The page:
I wanted to share my recent visit to the fabulous exhibit of David Smith sculptures at LACMA, the Los Angeles County Museum of Art. Smith is considered the pre-eminent American sculptor of the 20th century. In the early 1930′s, he made the first welded steel sculptures done in the United States. Trained as a painter, he always said that he was trying to paint in steel. Many of his earlier constructions, before he started using steel, show the iconography and forms of Picasso, Gorky, Kandinsky,etc, his influences from painting.
Me, with some of his classic welded steel pieces. There is such a painterly feeling, even in these geometric pieces. You can almost feel the artist layering forms on a two dimensional canvas.
My New friend Hylan Booker and I discussing the exhibition. Hylan will be blogging about it soon for LACMA. Among other things, we were talking about how Smith worked as a welder, assembling locomtives and tanks, during WWll. Hylan sees Smith as the quintissential American artist emerging from that moment in time when we our at our zenith as a manufacturing and world power. His work in steel reflected the grandeur of our industrial power.Hylan sees Smith as the perfect embodiment of the “can do,” American spirit of the times. I completely agree.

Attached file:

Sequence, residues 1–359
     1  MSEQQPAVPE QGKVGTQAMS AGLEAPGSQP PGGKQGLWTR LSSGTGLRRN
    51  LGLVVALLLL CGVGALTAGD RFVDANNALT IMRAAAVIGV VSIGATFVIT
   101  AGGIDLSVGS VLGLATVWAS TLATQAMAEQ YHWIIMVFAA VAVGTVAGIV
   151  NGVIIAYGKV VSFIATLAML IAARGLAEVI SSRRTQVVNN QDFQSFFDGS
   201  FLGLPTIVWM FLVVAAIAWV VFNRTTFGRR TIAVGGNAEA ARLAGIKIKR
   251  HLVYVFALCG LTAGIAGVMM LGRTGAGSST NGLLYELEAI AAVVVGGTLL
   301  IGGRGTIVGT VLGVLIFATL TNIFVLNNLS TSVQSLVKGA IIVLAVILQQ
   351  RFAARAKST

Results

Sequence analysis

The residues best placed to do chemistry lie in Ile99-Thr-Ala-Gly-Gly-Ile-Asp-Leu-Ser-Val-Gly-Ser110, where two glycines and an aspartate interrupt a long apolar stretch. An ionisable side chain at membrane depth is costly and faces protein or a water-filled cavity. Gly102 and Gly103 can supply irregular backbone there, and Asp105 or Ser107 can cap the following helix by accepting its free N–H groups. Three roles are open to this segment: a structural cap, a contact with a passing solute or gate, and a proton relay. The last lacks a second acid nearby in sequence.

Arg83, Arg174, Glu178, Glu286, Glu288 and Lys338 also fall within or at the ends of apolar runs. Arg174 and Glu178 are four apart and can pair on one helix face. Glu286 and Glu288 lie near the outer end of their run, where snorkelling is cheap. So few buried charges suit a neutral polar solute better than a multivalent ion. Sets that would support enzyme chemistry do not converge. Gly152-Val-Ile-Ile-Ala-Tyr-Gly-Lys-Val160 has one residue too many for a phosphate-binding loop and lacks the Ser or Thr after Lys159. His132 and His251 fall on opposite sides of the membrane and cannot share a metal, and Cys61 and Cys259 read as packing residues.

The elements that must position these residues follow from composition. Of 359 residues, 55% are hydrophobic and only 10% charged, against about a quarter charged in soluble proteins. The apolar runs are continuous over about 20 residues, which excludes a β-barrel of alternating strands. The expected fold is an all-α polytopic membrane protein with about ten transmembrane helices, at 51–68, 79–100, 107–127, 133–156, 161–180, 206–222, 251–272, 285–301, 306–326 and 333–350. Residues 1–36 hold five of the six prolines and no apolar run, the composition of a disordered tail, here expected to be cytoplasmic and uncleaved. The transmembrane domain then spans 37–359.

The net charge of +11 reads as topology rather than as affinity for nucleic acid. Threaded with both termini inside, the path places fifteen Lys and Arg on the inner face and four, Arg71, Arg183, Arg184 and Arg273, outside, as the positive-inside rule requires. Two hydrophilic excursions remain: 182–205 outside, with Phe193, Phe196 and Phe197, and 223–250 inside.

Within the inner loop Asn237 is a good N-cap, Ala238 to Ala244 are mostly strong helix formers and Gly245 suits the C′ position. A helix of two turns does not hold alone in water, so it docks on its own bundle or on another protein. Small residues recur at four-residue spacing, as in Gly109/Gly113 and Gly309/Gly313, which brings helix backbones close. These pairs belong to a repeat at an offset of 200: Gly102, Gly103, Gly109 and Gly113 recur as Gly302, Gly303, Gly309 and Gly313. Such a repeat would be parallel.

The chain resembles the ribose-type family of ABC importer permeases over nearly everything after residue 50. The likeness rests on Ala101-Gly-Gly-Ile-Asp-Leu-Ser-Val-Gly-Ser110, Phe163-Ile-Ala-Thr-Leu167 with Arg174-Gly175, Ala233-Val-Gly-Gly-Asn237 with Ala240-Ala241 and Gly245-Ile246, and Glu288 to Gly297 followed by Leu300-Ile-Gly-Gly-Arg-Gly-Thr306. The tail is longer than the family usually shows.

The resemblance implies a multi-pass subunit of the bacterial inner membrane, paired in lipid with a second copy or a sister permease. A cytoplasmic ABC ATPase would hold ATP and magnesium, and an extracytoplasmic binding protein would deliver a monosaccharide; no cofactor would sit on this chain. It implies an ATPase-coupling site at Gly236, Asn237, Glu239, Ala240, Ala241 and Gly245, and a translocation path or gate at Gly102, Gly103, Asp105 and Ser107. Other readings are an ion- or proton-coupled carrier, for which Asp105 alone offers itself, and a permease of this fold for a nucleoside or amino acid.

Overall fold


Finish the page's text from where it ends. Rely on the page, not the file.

David Smith was a in many ways a builder of bridges. He grew up as a painter drawn to organic, geometric forms that was part of the zeitgeist of the art world in the first third of the 20th century. He then translated those forms to sculpture, first in constructions, then to his ground breaking pieces of welded steel. His technique and aesthetic rode the tiger of America’s war time industrial surge, thrusting a new art form that mirrored, so closely, the culture of his time, on to the world stage. He was truly a man of his time and for his time.